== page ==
extend both arms straight out in front of you, take your right hand, cross it over your left, and grasp your
hands together. Now slowly bring your clasp hands into your chest under your chin, and bow your head
down and touch your hands with your chin. Now what I’m going to ask you to do is for 15 seconds, I
want you to breathe in slowly and out slowly while holding this position. Ready? Go. Fifteen seconds.
Bob Lucas:
I’ll tell you when 15 is up. Slow deep breath, in and out. Okay. Now we’re going to unfold the body by
reversing those steps, extend your arms straight out in front of you, release the hands, and then lower
your hands to your side. Okay. Everybody give yourself a clapping roar, clapping hands there. You did a
good job. Have a seat if you would please, we’ll move on. Okay, so based on what you’ve learned up to
this point about the brain, what have I just accomplished by having you engaged in this short oneminute physical activity? Jot that down in your workbooks on page six, and also if you’ll jot that into your
questions section on the screen there. Okay.
Bob Lucas:
Increase blood flow, pattern movement, engage the brain, got you moving, re-energized, movement,
fresh oxygen, listening intently, thinking, absolutely, engagements, stimulated a brain, focus. All right,
you’re right on track every one of you, good job. Again, that’s a quick activity when people have been
sitting for a while or it seems like you’re losing them a little bit. You want to release the stress. You want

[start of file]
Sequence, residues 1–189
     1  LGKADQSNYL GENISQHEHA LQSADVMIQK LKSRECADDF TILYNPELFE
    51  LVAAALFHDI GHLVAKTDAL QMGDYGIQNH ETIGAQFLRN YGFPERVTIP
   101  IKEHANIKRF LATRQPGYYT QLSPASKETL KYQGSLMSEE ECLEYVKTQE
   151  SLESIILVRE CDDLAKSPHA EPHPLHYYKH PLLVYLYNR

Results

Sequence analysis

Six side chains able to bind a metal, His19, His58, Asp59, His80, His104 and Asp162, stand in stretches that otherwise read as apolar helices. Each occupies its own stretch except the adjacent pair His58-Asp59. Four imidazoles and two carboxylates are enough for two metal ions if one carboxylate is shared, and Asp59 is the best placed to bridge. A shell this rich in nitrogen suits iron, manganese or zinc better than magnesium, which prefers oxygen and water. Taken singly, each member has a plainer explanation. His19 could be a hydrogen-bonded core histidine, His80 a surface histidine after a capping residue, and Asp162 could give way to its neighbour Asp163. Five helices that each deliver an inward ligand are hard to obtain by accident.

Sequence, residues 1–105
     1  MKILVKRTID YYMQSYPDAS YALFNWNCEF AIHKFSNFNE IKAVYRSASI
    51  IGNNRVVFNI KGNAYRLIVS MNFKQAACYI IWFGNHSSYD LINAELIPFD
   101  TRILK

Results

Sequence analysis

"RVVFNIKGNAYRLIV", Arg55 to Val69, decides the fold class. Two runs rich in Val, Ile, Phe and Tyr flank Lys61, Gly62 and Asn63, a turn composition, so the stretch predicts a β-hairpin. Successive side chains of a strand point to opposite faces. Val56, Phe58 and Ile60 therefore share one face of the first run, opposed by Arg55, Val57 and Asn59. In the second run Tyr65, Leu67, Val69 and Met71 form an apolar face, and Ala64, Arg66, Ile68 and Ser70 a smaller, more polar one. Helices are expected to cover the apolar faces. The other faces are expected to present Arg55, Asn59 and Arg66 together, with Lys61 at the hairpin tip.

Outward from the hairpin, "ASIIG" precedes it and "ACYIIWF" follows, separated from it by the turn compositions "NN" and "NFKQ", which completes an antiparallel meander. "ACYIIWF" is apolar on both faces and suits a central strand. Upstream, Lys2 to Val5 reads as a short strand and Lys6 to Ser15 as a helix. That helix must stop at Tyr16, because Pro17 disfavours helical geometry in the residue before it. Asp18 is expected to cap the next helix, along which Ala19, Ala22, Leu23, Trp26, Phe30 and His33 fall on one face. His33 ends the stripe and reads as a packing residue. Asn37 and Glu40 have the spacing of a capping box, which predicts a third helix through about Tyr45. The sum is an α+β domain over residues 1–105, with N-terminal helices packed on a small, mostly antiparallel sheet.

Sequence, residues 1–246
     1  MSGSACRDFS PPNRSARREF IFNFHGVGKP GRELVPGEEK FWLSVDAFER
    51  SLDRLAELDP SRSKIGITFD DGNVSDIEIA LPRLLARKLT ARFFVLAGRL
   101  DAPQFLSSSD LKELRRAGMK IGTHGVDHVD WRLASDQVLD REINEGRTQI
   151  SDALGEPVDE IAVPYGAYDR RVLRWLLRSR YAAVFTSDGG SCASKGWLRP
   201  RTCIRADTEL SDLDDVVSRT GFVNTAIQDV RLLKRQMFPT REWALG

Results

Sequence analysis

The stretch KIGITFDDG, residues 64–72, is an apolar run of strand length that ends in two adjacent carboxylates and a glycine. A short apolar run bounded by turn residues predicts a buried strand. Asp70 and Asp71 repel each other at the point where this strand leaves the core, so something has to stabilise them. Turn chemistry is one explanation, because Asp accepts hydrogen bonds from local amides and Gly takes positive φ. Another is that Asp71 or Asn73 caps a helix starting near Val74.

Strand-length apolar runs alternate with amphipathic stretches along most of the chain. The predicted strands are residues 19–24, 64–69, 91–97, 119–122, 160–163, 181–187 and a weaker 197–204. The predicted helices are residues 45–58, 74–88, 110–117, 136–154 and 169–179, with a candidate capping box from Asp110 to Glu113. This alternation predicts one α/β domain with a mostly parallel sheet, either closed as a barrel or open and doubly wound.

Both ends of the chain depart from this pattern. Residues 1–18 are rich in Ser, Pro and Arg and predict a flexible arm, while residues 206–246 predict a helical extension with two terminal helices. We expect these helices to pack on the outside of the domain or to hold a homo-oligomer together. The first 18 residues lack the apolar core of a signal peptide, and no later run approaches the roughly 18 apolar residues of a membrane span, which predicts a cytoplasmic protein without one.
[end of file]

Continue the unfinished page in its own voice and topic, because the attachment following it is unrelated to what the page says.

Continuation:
to get them to concentrate a little bit bigger. Some of you said you want to get people up and moving,
get that blood flowing, get people to a point where they are physically engaged in something, and then
you can move on to whatever it is you’re going to talk about from that point on.
Bob Lucas:
Again, you could build that into your training program, whether you’re doing in class or whether you’re
doing a session such as we’re doing. Easy do. Okay, let’s go back to our last element, the factors
impacting learning, and those are your learning preferences and modalities. You’ve probably all heard
about learning modalities, so let’s explore these just a little further. This information that you see on the
screen is from a book called Jump-Start the Adult Learner, and again that’s it your resource listing. It
compiled some research studies from various sources and as you can see, based on the study and the
situation that they were looking at, that most people in a learning environment are visual learners, 40%
to 65% are visual learners.
Bob Lucas:
The secondary most used type of modality is your kinesthetic, also called tactile learners, and that’s 25%
to 30% of your group. Your least represented group is your auditory learners, 5% to 15%. If you think
about what this is telling you, it tells you that we need to use a number of visuals of different types.
These could be visual aids. They could be photos. They could be slides. They could be images. They could
be your flip charts. They could be hand on products, where people are doing things, looking at things.
Could be a book. It could be a workbook. Any numbers of visual products could be used to help these
people gain as much understanding as possible from your content.